I was walking in downtown Fullerton this week on my way to meet Kristy at Tranquil Tea lounge to talk kids ministry when a homeless man on a bike stopped me. He immediately went into his story about losing his job, wife, life and was now on the streets. He was going on and on so I stopped him and asked, "What do you need?" He said he was hungry and wanted money to get a bite. As I usually do, I told I couldn't give him cash but could buy him breakfast. So on the way down the street to Rialto Cafe, I asked him about his life - where he was from, what he did for work, where he was currently living. When we got to Rialto, I told Becky, the waitress, that I would buy Dennis (the guy's name) anything he wanted, but that I had a meeting next door and would come back for the bill. I told Dennis I couldn't stay, but to order whatever he wanted.
After my meeting with Kristy, I came back to Rialto to pay the bill. It was $17! A little startled, I asked Becky what he ordered that cost that much? She told me, "Steak and eggs." I laughed.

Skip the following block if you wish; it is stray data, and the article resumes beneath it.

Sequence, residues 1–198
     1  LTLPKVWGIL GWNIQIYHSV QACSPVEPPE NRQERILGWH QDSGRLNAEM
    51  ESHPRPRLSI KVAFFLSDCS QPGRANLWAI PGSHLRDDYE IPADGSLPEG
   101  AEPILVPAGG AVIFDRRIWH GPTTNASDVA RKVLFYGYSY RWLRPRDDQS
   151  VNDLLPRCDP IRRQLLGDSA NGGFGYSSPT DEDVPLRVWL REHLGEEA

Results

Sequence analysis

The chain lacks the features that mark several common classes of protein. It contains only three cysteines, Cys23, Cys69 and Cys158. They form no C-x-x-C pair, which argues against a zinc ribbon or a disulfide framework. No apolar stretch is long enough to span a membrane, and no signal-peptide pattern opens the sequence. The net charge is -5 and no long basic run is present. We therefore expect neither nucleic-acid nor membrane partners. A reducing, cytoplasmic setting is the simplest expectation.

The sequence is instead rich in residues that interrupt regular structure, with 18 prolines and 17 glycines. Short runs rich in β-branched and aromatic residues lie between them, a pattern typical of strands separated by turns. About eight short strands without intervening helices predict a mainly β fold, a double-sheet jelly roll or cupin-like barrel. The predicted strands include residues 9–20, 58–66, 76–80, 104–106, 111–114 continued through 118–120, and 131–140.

Truth be told, after the initial shock, I was a little bit miffed at the audacity. Mostly, because I know I couldn't have done that. It would have gone against every Japanese bone in my body. I also felt a tinged taken advantage of. But the more I thought about it, I was really glad Dennis ordered the steak and eggs. After all, I told him anything on the menu. Who knows when the last time he really had a good meal, let alone a T-bone steak? I was even smiling at the fact that he had the shamelessness (and appetite) to order exactly what he wanted.
During this past Easter season, P.Erin and I were talking in the office about how Evangelicals often view Lent as a time to make sacrifices (i.e to suffer without) to identify with the suffering of Christ. People will forgo caffeine, television, chocolate. But that assumes we have, so that we can go without for a time. But for others, Lent might be a season to actually indulge in what they cannot otherwise partake or afford. For the poor or oppressed, that might mean enjoying that delectable sweet or out-of-reach treat as a celebration of what Jesus has done. I was thinking about this when reflecting more on Dennis. Jesus often told stories about the kingdom of God being like inviting those on the street to a great feast, to a banquet his Father was throwing.
I can see steak and eggs being on the menu.